Last year two students at Harvard’s Graduate School of Design, Arielle Assouline-Lichten and Caroline James, circulated an online petition asking the Pritzker to retroactively honor the architect Denise Scott Brown, who was overlooked when her husband and longtime professional partner, Robert Venturi, won the award in 1991. It has been signed by more than 19,000 people, including Venturi and several other Pritzker winners.

In response, Pritzker Chairman Peter Palumbo issued a statement last June saying Venturi would remain the sole winner of the 1991 prize. “A later jury cannot re-open, or second guess the work of an earlier jury, and none has ever done so,” he wrote.

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If honoring Ban obviously does nothing to address the Pritzker’s wide gender gap, it implicitly responds to the charge that the award has often celebrated architects serving the 1%.

“His buildings provide shelter, community centers, and spiritual places for those who have suffered tremendous loss and destruction,” the jury noted.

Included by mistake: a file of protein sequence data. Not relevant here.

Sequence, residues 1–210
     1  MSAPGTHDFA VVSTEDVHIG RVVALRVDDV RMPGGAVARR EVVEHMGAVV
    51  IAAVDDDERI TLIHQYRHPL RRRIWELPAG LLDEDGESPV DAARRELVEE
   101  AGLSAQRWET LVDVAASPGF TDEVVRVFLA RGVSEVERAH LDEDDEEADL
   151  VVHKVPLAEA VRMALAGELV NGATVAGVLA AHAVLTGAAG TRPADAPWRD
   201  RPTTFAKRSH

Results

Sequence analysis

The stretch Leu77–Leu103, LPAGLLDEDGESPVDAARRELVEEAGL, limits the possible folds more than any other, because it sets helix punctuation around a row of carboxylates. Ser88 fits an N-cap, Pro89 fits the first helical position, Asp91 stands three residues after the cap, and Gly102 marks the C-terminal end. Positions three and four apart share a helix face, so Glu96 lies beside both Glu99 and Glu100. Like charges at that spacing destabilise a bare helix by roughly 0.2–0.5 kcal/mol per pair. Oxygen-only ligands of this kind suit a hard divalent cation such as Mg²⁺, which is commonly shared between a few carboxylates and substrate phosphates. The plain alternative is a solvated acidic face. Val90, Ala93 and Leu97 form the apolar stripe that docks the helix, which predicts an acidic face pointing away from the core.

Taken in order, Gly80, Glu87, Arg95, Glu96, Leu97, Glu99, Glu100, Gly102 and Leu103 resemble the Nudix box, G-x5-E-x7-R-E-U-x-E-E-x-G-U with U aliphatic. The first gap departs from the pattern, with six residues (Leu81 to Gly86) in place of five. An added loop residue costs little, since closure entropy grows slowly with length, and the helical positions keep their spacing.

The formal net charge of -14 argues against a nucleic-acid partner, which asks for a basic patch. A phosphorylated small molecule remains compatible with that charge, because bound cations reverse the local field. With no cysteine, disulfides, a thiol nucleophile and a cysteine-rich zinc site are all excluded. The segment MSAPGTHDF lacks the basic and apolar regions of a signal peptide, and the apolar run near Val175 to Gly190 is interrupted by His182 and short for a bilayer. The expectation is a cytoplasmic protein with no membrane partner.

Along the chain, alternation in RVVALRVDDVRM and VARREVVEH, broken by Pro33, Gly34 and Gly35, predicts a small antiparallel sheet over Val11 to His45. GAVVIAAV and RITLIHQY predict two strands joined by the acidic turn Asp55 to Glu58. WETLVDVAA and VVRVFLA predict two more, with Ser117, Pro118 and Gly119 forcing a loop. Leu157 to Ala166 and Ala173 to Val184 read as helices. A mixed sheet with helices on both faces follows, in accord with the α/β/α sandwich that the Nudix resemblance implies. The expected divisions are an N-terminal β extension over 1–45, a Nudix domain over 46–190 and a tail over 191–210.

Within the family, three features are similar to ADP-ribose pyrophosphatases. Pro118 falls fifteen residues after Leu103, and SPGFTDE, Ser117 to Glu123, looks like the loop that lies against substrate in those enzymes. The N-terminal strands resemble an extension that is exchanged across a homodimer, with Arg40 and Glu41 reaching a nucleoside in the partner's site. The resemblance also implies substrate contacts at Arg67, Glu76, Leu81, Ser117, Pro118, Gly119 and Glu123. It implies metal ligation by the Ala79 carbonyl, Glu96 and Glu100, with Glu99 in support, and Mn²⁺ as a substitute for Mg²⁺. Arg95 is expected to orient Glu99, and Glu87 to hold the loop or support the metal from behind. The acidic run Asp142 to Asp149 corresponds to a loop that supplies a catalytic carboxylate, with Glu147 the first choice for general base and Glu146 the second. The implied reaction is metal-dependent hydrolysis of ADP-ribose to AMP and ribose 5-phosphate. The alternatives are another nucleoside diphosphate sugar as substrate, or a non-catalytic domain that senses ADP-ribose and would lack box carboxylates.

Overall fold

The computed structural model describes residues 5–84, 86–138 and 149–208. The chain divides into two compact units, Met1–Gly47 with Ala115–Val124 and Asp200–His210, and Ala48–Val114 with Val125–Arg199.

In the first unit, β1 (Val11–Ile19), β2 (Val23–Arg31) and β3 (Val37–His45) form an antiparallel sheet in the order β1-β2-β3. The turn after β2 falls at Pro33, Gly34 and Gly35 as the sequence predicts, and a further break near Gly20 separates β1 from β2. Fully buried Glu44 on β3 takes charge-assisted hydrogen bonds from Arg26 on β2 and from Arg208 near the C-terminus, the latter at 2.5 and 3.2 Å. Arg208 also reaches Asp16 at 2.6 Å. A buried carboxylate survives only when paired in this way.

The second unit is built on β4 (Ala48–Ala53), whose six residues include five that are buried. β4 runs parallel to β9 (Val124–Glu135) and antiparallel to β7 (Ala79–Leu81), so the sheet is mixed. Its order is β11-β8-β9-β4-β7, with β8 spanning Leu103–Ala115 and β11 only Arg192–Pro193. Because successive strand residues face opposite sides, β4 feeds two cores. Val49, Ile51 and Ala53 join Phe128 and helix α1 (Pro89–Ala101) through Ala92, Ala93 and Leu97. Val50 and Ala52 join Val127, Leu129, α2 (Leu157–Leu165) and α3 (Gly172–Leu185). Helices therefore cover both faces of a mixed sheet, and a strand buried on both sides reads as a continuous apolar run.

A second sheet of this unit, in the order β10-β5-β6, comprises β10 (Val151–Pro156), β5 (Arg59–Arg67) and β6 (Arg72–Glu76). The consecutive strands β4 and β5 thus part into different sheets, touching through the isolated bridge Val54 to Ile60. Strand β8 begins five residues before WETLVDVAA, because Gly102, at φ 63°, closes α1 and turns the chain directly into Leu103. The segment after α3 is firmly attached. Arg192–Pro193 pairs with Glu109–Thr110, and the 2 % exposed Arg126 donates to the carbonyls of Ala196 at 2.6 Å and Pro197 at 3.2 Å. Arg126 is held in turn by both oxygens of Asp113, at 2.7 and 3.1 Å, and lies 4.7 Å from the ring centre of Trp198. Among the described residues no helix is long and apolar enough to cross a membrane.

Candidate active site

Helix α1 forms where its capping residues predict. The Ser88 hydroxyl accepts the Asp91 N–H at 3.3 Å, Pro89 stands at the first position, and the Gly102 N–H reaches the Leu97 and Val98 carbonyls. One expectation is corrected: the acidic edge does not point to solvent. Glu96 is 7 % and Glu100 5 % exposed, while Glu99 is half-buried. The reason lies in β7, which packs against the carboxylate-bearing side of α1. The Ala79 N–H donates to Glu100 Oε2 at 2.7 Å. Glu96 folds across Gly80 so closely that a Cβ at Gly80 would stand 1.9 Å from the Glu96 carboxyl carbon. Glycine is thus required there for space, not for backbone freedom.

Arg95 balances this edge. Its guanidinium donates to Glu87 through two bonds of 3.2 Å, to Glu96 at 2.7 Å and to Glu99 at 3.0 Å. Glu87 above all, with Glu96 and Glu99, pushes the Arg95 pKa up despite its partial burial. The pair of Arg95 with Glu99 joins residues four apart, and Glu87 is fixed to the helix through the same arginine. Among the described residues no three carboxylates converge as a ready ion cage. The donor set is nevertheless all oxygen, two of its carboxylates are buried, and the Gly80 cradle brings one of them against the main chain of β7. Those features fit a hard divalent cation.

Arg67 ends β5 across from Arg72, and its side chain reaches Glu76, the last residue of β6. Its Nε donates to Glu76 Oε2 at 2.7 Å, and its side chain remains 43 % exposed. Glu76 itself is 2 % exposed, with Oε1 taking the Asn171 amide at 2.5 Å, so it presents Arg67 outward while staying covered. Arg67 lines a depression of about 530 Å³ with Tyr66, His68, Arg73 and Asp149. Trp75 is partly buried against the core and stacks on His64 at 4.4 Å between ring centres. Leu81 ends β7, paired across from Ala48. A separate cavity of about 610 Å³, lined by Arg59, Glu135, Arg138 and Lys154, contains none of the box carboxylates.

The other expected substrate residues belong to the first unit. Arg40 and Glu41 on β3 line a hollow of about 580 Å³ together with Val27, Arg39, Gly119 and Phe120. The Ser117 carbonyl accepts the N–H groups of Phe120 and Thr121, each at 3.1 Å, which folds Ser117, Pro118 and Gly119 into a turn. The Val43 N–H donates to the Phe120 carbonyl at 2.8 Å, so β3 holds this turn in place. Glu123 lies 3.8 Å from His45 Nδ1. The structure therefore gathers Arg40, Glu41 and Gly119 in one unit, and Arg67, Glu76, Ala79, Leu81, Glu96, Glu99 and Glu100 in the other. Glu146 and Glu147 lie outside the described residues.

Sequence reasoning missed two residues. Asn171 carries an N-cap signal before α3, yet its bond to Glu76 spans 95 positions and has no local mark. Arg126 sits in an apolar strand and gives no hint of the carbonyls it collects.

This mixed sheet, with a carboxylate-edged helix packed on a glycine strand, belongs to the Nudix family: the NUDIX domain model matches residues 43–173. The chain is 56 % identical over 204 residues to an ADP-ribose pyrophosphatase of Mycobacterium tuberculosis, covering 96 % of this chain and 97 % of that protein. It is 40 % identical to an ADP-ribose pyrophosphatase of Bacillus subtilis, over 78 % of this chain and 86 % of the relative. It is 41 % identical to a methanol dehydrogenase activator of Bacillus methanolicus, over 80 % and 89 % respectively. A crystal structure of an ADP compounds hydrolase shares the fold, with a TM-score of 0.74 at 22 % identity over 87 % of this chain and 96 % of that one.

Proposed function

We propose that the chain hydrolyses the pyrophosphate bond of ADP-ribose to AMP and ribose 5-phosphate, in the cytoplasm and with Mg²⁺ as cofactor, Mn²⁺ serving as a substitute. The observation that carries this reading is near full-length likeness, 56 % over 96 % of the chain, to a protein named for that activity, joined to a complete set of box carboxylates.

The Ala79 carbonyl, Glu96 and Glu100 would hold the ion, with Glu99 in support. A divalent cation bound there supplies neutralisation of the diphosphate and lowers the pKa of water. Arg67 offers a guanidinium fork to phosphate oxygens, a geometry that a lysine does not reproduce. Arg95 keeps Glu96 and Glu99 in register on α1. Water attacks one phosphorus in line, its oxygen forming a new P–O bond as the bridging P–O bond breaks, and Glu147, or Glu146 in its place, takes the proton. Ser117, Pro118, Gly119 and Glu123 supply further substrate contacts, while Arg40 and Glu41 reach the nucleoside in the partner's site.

It also praised his 1995 Curtain Wall house in Tokyo, a dramatic exploration of the line between public and private space -- and between modesty and display -- that features two-story-high white curtains that can be pulled back to open the house to public view.

Alongside architects Rafael Vinoly and Frederic Schwartz, Ban and his New York-based partner, Dean Maltz, were members of a team of architects in a high-profile 2002 competition to produce a master plan for rebuilding the World Trade Center site. Ban’s group, known as THINK, proposed a pair of open latticed towers in place of the destroyed skyscrapers, ultimately taking second place to Daniel Libeskind.